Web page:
Reverse painting on glass
Fire Cracker is without a doubt an American horse, even though she may be one of a different color. I actually finished this reverse painting on glass in time for the fourth of July, but with the unusually rainy seasonal paintings we had in central New York, there weren’t many good days to photograph her. In fact, it’s raining again today. Alas, she did not make it to the fireworks show. Though I have done several
there was no series of paintings in progress when I painted fire cracker, it was just a whim that struck me while I was having a metaphorical case of writers block. Yes, people who paint can get that too. Fire Cracker unblocked it for me.
Even though is has been many years since I’ve had horses of my own, the beauty of these animals is impossible to miss, and don’t we all like to feast our eyes? So if I paint one now and then, it’s just me remembering what magnificent creatures horses are, and yes, there are a few who could be classified under the ‘fire cracker’ category. Please feel free to browse through my web site to see more of my work in reverse Painting on glass.
Rain on Pine Bough is the last reverse painting on glass in the Spring Rain series. The colors of the reflections seen on the surface tension of the raindrops are from natural fauna in the area. With the wetness all around, the raindrop reflections are also everywhere. Yesterday I was in the woods with friends, when I noticed that there are times when one can’t focus on everything at one time, and certain areas of the vision just become color until the focus of what is being viewed is altered. I found this to be odd because the light pinks and purples I had seen became the prettiest flowers! I don’t know what kind of flowers, but the were beautiful. We had originally met there for a group picnic, but the response of attendance was exceptional, and there was more good food than could be eaten. The good company took time to enjoy as well. As a group, we toured the park at Pixley Falls. Executed on plexi-glass, this painting measures 11″ x 14″ inside the frame.
To see more of my work in reverse painting on glass, such as Rain on Pine Bough, please visit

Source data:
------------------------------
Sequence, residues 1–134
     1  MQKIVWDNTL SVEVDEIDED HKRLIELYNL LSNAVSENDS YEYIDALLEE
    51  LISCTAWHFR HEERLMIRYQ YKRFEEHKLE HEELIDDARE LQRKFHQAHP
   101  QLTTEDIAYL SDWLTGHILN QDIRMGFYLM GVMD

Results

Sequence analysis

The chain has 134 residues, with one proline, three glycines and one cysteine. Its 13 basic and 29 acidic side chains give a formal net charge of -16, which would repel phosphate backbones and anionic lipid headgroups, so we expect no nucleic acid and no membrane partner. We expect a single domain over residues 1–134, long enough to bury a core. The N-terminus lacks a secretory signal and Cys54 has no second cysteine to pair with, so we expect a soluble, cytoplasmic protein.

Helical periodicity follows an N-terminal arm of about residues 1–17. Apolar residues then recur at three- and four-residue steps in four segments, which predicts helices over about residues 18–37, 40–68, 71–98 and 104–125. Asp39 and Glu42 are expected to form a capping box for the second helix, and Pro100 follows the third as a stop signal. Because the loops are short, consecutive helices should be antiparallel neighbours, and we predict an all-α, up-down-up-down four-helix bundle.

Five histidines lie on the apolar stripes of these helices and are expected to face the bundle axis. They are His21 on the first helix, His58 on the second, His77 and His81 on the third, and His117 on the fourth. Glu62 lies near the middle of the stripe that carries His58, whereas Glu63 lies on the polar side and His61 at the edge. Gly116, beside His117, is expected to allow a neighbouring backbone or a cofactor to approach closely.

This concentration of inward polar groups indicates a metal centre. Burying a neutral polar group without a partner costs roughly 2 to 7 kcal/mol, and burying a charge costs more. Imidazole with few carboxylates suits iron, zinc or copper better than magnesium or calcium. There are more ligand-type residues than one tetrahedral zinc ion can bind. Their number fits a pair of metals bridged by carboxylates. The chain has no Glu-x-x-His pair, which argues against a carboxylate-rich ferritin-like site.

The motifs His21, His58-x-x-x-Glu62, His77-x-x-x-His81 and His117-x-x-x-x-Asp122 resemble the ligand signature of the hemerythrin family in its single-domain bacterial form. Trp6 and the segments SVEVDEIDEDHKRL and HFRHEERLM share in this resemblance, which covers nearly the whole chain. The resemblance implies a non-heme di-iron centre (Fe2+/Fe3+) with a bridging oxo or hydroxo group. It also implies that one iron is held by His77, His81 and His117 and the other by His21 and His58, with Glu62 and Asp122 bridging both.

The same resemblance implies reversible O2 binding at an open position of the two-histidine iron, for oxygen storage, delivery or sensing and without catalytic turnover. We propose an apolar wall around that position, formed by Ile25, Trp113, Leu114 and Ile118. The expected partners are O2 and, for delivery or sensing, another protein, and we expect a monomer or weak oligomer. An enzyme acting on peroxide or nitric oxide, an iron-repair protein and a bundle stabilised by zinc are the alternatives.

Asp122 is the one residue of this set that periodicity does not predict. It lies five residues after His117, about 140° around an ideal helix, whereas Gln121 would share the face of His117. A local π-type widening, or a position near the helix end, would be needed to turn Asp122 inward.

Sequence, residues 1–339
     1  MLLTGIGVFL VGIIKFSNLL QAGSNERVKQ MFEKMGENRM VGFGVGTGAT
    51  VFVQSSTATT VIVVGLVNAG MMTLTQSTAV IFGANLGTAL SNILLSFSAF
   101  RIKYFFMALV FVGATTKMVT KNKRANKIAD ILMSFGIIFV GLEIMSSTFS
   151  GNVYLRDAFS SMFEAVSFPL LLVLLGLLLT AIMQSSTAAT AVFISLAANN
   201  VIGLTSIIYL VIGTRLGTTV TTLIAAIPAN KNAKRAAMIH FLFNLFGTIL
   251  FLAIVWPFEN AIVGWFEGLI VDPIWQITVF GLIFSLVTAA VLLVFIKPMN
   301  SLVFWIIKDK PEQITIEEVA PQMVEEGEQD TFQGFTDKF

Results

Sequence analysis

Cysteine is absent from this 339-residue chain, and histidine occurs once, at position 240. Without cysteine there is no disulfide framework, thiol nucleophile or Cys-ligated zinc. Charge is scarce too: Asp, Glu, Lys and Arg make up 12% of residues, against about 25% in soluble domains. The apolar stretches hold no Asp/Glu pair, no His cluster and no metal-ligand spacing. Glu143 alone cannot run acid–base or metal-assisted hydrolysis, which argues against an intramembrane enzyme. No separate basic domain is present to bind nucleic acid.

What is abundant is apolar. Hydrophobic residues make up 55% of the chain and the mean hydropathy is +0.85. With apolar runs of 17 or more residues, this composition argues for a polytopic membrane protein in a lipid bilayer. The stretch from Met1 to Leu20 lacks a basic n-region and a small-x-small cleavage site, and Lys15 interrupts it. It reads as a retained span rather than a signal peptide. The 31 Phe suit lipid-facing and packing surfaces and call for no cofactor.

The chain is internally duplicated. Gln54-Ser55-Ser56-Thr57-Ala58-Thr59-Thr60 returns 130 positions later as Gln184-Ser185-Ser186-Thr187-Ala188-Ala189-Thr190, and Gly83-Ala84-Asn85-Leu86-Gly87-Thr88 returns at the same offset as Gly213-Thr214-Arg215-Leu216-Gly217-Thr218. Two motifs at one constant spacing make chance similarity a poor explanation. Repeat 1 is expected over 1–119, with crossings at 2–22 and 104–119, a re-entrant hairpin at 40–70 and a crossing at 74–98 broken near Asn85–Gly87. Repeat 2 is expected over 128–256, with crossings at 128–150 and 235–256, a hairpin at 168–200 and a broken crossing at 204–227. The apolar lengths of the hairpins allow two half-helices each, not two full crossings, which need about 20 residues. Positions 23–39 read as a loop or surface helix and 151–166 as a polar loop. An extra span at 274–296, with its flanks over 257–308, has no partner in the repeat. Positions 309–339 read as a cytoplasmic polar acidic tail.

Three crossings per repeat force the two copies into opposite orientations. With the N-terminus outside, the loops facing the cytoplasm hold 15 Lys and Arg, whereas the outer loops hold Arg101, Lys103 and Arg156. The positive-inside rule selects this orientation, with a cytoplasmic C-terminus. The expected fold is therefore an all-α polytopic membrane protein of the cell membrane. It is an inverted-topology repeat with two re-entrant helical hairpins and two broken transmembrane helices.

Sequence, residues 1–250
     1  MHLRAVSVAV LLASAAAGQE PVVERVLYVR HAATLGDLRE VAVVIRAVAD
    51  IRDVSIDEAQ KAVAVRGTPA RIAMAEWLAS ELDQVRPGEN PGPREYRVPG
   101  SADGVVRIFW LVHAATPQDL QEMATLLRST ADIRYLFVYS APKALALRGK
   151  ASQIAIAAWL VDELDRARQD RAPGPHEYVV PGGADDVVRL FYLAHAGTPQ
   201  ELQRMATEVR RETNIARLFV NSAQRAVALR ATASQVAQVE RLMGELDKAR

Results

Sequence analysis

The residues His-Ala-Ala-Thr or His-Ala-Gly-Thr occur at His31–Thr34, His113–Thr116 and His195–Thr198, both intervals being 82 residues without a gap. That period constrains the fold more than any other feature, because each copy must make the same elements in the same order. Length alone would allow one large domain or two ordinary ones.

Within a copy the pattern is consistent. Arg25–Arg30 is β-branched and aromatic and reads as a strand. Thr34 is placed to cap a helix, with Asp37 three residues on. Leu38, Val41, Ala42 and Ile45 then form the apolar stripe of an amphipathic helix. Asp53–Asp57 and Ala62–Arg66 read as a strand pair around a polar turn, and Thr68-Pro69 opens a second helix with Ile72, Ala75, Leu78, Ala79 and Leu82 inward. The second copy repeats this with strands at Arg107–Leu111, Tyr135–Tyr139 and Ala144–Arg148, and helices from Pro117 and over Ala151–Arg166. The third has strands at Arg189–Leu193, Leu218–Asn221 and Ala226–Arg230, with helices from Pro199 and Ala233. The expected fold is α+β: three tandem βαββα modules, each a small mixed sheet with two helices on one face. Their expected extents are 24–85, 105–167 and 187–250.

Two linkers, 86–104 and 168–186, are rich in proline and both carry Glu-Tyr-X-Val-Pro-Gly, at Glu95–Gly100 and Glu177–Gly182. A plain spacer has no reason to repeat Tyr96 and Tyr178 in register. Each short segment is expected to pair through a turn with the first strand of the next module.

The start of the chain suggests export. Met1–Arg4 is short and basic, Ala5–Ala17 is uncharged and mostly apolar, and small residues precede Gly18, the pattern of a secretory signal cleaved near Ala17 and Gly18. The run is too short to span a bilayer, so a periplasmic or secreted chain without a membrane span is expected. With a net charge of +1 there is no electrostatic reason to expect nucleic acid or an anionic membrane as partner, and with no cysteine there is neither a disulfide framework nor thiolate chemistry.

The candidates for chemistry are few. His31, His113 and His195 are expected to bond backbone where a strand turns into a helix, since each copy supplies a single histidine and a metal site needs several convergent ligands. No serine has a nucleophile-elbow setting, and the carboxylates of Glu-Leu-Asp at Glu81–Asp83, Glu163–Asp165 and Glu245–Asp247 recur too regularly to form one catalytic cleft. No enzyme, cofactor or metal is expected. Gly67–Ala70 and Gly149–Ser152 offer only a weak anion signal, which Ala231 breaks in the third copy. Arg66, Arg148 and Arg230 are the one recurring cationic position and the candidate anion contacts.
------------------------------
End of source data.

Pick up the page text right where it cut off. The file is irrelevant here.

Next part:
Last fall, while thinking about skiing, my goal was to get to Pixley Falls in the Dead of Winter. With winter arriving late, and not staying as long as it used to, there was not an excess of time in which to accomplish it. There was a day late in February that was still just on the edge of being cold at about 30 degrees so we ran with it. Up to Pixley falls we went! When my husband and I got there, I realized there had been no thought given as to how we would get to the bottom of the falls while wading through about 24″ of snow. We took our skis off, leaving them up in the park area, and my trip down was navigated on my back side and more quickly than I would have chosen. I shot the pictures needed for my reverse painting on glass while having my breath taken away by the beauty of Pixley Falls in the Dead of Winter. What I saw was about one third of the area where the water falls down, in the center moving. The remaining two thirds of the falling water had been frozen solid while it was still pouring.
The trip back up the side of the falls was also breath taking, but in a much different way. I was able to loosen up my jacket only when getting back into the park area. There were doubts in my mind about whether I would arrive there. I was imagining the headlines in the local news reading
Two Senior Citizens Found Frozen in New York State Park
paintings. Such is life, and here I still am to tell about it! To see more of my work like Pixley Falls in the Dead of Winter, please go to
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While in the process of painting this addition to my Spring Rain series of reverse paintings, what I kept seeing was a section of the globe depicting most of Africa and North America. In actuality, it is only the reflections of wet leaves. There are times in the world of art when we try to read more into a painting than is there. I obviously misinterpreted, and in lieu of the fact it was my own painting, I find it ironic. Maybe the painting is only saying to enjoy the whole, the form, the color, and lastly, the content.
Even though the content is limited, I find the colors to be uplifting. I am drawn to a few of the warmer colors, such as the reds and yellows because I have limited myself to the cooler colors traditionally. Maybe I am ready to break loose in a flurry of color, and it feels wonderful!
Executed on a 14″ x 11″ of plexi-glass, “Rain drop on Twig” is done in oil colors, as are all of my reverse painting o glass. Among my Spring Rain series, this piece is a good example. To see more of my work in this area, please go to
Raindrop Reflection is a rather good example of surface tension, which was taught in my 5th grade class. It is also an example of my reverse painting on glass, in this case plexi-glass to be accurate. Even though the content is only rain water, this drop is not entirely fluid. The molecules are cohesive enough to form a small bubble of water not yet ready to drop from the moss on the tree. Because water can also be reflective, we have the image of what is behind us.
reflected on a convex surface, turning the image up side down. The most unusual part about the reverse painting on glass though, is that I painted an entirely different scene than the one in the photo I was working from. When the painting ‘Raindrop Reflection’ was finished, it was of a pretty church with an angel floating beside it. The photograph was just a street in a small town. I won’t even try to make a story up about how that happened. I was painting only what I saw. It’s just that it seems to be more than enough.
To see more of my work in the Spring Rain series, or go to
Spring Rain brings forth so much beauty. You can feel the air getting warmer,
and so can all of the creatures of the earth.
But the spring rain continues to fall, and on everything, rinsing away the dirt until it finds the beauty of the smallest things, such as the tip of a tree limb.